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As the snippet below runs , each time a key is tapped,the function LowLevelKeyboardProc is called. But the problem is it is called both at the time of pressing a key and at the time of releasing a key.It means , per one tap the function is called two times.But I want the function be called only one when the key is pressed and not when the key is released.

Even if I can filter the pressing and releasing of keys inside the function LowLevelKeyboardProc,it will be fine. Is there any way I can do this.

static LRESULT CALLBACK LowLevelKeyboardProc(int nCode, WPARAM wParam, LPARAM lParam) {
  // call the function only if the key is pressed,else ( i.e key released) do nothing
}

BOOL WINAPI installHook(HINSTANCE hinstDLL, DWORD fwdReason, LPVOID lpvReserved){
  handleKeyboardHook = SetWindowsHookEx(WH_KEYBOARD_LL, LowLevelKeyboardProc, hinstDLL, 0);
  MSG msg;

  while(GetMessage(&msg, NULL, 0, 0)){
    TranslateMessage(&msg);
    DispatchMessage(&msg);
  }
  return msg.wParam;
}

BOOL WINAPI DllMain( HINSTANCE hinstDLL, DWORD fwdReason, LPVOID lpvReserved) { // ENTRY POINT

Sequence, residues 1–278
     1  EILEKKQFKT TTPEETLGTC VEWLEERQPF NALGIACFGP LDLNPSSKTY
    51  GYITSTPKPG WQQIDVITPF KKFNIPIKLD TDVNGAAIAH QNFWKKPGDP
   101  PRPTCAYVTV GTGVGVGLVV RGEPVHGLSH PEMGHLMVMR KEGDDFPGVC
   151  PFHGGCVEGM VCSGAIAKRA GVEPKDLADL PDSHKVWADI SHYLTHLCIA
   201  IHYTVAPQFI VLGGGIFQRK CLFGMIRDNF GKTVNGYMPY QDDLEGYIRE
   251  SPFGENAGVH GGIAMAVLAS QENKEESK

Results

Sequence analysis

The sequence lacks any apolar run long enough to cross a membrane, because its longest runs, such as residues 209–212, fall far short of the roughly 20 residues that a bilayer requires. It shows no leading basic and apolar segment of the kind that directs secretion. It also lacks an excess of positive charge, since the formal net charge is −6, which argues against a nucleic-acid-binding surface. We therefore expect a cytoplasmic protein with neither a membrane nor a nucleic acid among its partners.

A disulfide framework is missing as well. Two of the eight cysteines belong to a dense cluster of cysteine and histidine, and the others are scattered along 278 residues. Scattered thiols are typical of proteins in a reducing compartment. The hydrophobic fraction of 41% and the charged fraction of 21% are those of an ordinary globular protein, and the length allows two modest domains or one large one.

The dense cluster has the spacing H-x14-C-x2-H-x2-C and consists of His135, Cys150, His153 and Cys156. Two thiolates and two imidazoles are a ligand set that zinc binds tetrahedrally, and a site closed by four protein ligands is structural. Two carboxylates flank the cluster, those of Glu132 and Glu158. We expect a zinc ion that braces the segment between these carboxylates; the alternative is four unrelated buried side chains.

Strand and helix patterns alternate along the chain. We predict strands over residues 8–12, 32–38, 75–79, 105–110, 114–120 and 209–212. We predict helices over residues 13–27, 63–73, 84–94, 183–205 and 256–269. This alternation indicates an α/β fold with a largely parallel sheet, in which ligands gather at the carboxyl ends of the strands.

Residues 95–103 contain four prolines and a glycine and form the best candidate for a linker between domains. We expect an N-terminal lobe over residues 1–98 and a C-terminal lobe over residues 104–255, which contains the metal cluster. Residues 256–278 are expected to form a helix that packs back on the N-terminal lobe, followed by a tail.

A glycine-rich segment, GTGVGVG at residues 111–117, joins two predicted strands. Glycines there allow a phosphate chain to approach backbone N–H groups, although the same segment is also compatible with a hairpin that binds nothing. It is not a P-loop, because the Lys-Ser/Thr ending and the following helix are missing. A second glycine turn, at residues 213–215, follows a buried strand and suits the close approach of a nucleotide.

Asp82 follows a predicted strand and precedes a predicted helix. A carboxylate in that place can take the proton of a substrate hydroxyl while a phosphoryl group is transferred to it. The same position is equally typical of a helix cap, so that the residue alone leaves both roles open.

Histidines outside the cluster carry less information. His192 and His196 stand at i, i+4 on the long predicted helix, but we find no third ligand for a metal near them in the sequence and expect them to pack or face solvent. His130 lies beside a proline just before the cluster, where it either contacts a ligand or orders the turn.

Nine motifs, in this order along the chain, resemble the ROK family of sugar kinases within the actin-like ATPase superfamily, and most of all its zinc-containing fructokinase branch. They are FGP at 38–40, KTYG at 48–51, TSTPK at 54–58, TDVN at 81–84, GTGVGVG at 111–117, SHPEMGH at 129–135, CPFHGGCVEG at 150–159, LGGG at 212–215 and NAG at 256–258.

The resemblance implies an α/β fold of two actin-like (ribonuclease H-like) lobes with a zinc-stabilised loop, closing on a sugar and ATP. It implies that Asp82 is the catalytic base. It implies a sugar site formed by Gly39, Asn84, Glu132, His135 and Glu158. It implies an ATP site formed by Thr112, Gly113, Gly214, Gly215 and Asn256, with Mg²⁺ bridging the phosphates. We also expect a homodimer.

if(hookThreadHandle==NULL) { 
    LPTHREAD_START_ROUTINE lpStartAddress = &installHook;
    hookThreadHandle = CreateThread(NULL, 0, lpStartAddress, NULL, 0, &hookThreadId);
 }
 return TRUE;
}
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1 Answer 1

You cannot change the way LowLevelKeyboardProc is called, but inside the function you can know the reason of the call:

static LRESULT CALLBACK LowLevelKeyboardProc(int nCode, WPARAM wParam, LPARAM lParam) 
{
     if ( nCode < 0 )
     {
         return CallNextHookEx(handleKeyboardHook, nCode, wParam, lParam);
     }

     if ( wParam == WM_KEYDOWN )  // possibly you want also WM_SYSKEYDOWN
     {
         // do what you need
     }
}
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My winapi is a bit rusty, but I believe that CallNextHookEx should also be called in the case where he doesn't handle the message. –  Benjamin Lindley Oct 14 '12 at 8:12
    
@Benjamin Lindley - yes, but programmer may want to hide some keyboard messages, in this case CallNextHookEx is not called. –  Alex Farber Oct 14 '12 at 8:19
    
From MSDN: If nCode is less than zero, the hook procedure must pass the message to the CallNextHookEx function without further processing and should return the value returned by CallNextHookEx. So, if nCode < 0, just return CallNextHookEx - this is obligatory. –  Alex Farber Oct 14 '12 at 8:21
    
Usually CallNextHookEx is called also when nCode >= 0, but this is your decision. For example, if you want to hide some keyboard messages, don't call CallNextHookEx and just return TRUE. –  Alex Farber Oct 14 '12 at 8:22
    
@AlexFarber what do you mean by hide some keyboard messages ? –  Y.E.P Oct 14 '12 at 8:23

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